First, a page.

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1.5 Vectors and Scalars
Scalars
are quantities (including units) that give the size or magnitude of something.
Examples:
Mass = 45 kg
Length = 16.2 m
Speed = 15.0 m/s
Vectors
are objects that require both magnitude AND direction
to completely describe
them.
Examples:
Displacement = 10 m, 20
o
N of E
Velocity = 25 m/s, 35
o
above the horizontal
Vectors are usually represented as arrows. The arrow points along the direction of the
vector, and the length of the vector arrow is proportional to its magnitude.
Remember
→
Vectors have direction, scalars do not!
In the book, the vectors are represented in bold face. In class and on homework,
quizzes, etc., you should represent them with an arrow above the quantity.
T
→
For example, a tension force:
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Represent a position vector r that is 10 m in length and directed at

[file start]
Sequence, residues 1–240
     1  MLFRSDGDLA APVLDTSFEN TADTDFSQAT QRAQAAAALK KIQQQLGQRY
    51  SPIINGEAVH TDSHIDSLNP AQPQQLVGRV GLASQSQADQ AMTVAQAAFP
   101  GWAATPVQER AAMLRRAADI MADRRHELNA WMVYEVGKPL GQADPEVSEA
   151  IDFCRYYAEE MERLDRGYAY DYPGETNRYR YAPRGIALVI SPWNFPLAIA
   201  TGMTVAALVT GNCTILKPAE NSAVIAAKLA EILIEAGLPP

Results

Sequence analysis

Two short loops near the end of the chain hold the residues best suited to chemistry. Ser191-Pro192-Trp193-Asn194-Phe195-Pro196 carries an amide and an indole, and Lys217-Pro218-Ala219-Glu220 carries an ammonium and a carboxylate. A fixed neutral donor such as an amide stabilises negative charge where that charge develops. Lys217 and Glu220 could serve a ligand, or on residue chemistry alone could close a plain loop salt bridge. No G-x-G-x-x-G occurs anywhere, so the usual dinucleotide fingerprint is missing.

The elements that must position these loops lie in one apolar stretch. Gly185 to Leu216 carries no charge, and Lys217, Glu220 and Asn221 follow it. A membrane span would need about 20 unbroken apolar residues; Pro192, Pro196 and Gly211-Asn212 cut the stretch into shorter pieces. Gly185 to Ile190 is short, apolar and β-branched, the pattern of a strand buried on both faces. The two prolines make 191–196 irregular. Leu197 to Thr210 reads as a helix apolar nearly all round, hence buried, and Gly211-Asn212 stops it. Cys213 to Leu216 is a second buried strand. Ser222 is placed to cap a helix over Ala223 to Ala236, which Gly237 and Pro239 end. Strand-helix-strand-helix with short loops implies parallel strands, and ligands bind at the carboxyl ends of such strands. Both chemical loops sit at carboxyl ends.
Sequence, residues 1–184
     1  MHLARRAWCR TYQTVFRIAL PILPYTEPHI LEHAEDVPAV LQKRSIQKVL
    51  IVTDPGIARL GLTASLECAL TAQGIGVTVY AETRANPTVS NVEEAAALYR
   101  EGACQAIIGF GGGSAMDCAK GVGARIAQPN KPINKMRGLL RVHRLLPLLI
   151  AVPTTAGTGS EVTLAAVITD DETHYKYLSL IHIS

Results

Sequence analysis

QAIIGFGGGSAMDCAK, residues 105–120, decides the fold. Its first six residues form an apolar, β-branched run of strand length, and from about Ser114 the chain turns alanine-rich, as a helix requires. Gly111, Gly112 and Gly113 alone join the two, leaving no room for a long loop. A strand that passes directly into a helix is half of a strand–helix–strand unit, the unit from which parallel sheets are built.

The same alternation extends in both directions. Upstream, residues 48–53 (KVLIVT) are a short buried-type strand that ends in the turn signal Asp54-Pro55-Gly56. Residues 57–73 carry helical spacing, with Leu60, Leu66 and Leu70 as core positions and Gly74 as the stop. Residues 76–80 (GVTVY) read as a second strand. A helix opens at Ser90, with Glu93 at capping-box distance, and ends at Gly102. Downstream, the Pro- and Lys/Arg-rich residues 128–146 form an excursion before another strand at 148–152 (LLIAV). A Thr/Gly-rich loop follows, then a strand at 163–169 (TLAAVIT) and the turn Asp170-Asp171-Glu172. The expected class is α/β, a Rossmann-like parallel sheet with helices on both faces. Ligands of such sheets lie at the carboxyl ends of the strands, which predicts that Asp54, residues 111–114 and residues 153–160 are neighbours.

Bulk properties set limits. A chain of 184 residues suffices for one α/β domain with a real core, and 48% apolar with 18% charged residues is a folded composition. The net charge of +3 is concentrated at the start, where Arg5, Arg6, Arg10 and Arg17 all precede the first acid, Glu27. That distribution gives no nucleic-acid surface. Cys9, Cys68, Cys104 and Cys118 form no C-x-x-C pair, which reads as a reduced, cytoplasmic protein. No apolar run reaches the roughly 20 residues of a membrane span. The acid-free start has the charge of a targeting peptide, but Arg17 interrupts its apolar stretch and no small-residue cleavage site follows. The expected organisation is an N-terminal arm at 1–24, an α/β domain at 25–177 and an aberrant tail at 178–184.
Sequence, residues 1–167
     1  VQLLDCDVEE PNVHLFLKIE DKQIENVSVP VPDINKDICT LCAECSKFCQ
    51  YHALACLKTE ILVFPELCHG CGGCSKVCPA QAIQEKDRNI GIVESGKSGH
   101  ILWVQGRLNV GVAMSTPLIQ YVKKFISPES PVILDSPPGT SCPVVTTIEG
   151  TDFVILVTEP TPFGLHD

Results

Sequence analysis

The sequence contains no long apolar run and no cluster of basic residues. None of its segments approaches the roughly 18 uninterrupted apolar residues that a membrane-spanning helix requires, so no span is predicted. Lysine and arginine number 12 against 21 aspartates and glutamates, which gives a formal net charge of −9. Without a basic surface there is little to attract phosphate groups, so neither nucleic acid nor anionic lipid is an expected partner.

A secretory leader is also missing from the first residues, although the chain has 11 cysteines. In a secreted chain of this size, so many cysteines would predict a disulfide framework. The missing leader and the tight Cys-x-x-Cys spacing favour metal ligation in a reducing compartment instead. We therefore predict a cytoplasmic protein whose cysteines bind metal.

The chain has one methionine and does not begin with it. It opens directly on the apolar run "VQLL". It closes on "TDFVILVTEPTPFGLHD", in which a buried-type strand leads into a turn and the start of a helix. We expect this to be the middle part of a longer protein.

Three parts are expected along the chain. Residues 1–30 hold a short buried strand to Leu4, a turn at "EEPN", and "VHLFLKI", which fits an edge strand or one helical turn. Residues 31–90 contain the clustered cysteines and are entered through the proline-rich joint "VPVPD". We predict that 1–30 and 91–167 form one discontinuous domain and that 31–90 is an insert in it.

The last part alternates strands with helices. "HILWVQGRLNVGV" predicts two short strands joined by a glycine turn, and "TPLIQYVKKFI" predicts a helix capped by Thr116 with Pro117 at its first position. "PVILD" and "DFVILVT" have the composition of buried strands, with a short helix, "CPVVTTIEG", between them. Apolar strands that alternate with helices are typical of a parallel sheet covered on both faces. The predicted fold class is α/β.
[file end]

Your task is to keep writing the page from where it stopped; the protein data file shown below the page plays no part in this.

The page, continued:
20
o
N of E.
→
N
r
→
Vectors are extremely important!!! They occur
verywhere in physics
Many objects are in motion
W
E
20
o
everywhere in physics. Many objects are in motion,
moving in all directions!!!
S
.6 Vector Addition and Subtraction
1.6 Vector Addition and Subtraction
The simplest situation occurs when the vectors are
collinear
, i.e. they lie along the
same direction.
Example
: A car moves due east with a displacement vector A = 275 m. It then
continues to move due east with a displacement vector B = 125 m. What is the total
displacement vector, R, of the car?
→
What we want to find is R = A + B.
→
→
→
N
E
A = 275 m
B = 125 m
R
= 275 m due east + 125 m due east = 400 m due east
→
R = 400 m
When
adding
two vectors, always place the tail of the second vector on the head of the
first.
What if the two vectors to be added are not collinear???
Example
: A car first moves with a displacement vector A = 275 m due east. It
then moves with a displacement vector B = 125 m at 55
o
N of W. What is the
total displacement of the car? i.e. what is R = A + B.
→
→
→
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Since these vectors are head to tail, the resultant vector is
drawn from the origin to the head of the second vector.
First, how do I find the magnitude of
R
, i.e. its length?
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This note was uploaded on 08/04/2009 for the course PHYS 2001 taught by Professor Sprunger during the Fall '08 term at LSU.
 Fall '08
 SPRUNGER
 Physics, Mass

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